The Lost Symbol
The Lost Symbol (2009) is a mystery novel by American writer Dan Brown. It is the third book in a series that follows Harvard University symbologist Robert Langdon, after The Da Vinci Code and Angels & Demons.
- In 1991, a document was locked in the safe of the director of the CIA. The document is still there today. Its cryptic text includes references to an ancient portal and an unknown location underground. The document also contains the phrase "It’s buried out there somewhere."
All organizations in this novel exist, including the Freemasons, the Invisible College, the Office of Security, the SMSC, and the Institute of Noetic Sciences.
All rituals, science, artwork, and monuments in this novel are real.
- The secret is how to die.
Since the beginning of time, the secret had always been how to die.
- He gazed up through the rain-speckled glass ceiling at the mountainous form of the illuminated Capitol Dome overhead. It was an astonishing building. High atop her roof, almost three hundred feet in the air, the Statue of Freedom peered out into the misty darkness like a ghostly sentinel. Langdon always found it ironic that the workers who hoisted each piece of the nineteen-and-a-half-foot bronze statue to her perch were slaves — a Capitol secret that seldom made the syllabi of high school history classes.
- Ch. 6
- Sorry, but the word occult, despite conjuring images of devil worship, actually means "hidden" or "obscured." In times of religious oppression, knowledge that was counterdoctrinal had to be kept hidden or "occult," and because the church felt threatened by this, they redefined anything "occult" as evil, and the prejudice survived.
- Robert Langdon, in Ch. 6
- Don't tell anyone, but on the pagan day of the sun god Ra, I kneel at the foot of ancient instrument of torture and consume ritualistic symbols of blood and flesh....And if any of you care to join me, come to the Harvard chapel on Sunday, kneel beneath the crucifix, and take Holy Communion.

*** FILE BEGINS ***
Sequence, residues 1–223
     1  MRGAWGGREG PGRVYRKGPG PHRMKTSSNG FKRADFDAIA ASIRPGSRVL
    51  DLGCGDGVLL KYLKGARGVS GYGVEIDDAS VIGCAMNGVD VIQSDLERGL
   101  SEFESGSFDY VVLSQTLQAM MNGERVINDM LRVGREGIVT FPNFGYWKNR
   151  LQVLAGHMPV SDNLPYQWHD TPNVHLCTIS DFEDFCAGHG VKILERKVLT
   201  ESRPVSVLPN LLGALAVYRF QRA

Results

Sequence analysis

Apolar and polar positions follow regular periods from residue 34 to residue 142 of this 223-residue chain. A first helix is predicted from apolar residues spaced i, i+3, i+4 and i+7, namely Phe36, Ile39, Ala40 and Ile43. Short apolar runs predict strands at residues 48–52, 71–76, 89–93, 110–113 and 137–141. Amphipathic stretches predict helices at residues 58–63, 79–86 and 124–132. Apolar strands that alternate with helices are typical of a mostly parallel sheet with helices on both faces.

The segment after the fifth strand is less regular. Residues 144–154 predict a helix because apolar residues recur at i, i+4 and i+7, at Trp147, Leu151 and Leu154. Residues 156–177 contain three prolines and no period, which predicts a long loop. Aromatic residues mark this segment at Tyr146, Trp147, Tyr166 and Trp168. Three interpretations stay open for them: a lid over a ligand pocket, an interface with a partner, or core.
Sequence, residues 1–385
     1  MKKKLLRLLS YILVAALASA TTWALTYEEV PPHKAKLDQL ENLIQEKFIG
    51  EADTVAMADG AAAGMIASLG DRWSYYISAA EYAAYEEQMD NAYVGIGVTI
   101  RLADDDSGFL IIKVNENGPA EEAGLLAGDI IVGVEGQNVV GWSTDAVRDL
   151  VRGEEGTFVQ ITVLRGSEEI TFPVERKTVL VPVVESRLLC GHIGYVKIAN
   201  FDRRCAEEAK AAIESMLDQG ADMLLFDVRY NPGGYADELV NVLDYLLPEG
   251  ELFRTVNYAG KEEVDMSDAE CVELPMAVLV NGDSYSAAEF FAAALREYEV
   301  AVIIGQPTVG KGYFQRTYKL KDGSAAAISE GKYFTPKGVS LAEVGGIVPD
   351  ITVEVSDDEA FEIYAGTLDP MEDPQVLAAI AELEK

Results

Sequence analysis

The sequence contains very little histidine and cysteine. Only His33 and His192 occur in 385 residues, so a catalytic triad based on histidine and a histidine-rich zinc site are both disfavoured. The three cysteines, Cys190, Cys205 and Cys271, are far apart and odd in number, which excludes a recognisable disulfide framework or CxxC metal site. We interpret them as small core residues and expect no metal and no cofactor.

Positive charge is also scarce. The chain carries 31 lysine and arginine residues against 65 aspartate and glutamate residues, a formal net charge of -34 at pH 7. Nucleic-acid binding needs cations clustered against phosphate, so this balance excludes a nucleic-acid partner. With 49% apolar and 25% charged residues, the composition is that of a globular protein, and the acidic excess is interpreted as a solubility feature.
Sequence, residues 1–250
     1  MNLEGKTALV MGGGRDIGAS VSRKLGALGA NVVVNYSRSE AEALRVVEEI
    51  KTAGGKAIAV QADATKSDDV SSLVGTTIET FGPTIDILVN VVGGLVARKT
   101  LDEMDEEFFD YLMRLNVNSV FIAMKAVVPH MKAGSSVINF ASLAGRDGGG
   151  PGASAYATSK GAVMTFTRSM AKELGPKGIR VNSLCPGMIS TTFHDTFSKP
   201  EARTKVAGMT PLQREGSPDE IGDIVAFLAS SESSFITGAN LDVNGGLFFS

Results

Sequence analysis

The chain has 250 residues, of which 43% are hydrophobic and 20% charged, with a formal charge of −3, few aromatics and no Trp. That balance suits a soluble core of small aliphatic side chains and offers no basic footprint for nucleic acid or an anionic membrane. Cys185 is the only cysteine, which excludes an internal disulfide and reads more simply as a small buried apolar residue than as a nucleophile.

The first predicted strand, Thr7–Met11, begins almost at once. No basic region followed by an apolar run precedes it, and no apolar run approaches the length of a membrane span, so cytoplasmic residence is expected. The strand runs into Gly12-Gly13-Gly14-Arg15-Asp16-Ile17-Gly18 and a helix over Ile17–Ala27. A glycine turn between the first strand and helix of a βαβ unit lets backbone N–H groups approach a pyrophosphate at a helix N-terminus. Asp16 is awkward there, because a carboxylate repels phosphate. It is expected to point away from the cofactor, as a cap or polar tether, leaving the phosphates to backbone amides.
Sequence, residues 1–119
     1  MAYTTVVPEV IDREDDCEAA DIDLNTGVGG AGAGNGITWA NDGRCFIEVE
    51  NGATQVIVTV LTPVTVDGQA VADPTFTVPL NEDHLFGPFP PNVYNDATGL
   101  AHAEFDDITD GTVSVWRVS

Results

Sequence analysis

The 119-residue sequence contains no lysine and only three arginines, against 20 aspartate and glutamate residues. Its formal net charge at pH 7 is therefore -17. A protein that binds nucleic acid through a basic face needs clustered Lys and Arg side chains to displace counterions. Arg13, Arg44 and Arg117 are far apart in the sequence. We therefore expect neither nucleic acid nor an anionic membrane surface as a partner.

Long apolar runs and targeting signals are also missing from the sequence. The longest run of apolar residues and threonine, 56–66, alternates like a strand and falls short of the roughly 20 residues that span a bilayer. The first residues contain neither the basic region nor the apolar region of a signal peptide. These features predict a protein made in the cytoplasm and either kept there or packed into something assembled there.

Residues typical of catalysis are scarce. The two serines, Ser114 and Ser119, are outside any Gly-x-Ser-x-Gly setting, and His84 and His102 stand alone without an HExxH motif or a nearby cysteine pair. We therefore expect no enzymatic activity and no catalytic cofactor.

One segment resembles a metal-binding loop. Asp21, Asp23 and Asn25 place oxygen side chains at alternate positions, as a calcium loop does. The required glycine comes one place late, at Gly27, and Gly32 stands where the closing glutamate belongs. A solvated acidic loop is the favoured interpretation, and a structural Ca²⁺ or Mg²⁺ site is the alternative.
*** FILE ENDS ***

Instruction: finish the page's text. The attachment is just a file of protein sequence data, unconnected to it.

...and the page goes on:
- Robert Langdon, in Ch. 6
- Our connection was fine professor, and I have an extremely low tolerance for bullshit
- Director Inoue Sato, in Ch. 16
- Knowledge is a tool, and like all tools, its impact is in the hands of the user.
- Trish Dunne, in Ch. 18
- America’s intended destiny has been lost to history.
The forefathers who founded this capital city first named her “Rome.” They had named her river the Tiber and erected a classical capital of pantheons and temples, all adorned with images of history’s great gods and goddesses — Apollo, Minerva, Venus, Helios, Vulcan, Jupiter. In her center, as in many of the great classical cities, the founders had erected an enduring tribute to the ancients — the Egyptian obelisk. This obelisk, larger even than Cairo’s or Alexandria’s, rose 555 feet into the sky, more than thirty stories, proclaiming thanks and honor to the demigod forefather for whom this capital city took its newer name.
- Ch. 20
- Don't tell me, bookish bachelor seeking single Noetic Scientist?
- Katherine Solomon, in Ch. 45
- Wealth is commonplace, but wisdom is rare.
- Peter Solomon, in Ch. 61
- Although many people erroneously interpreted apocalypse as a cataclysmic end of the world, the word literally signified an “unveiling,” predicted by the ancients to be that of great wisdom. The coming age of enlightenment. Even so, Langdon could not imagine such a vast change being ushered in by . . . a word.
- Ch. 126
- Throughout history, the circumpunct has been all things to all people — it is the sun god Ra, alchemical gold, the all-seeing eye, the singularity point before the Big Bang...
- Robert Langdon, in Ch. 126
- Sometimes all it takes is a tiny shift of perspective to see something familiar in a totally new light.
- Peter Solomon, in Ch. 126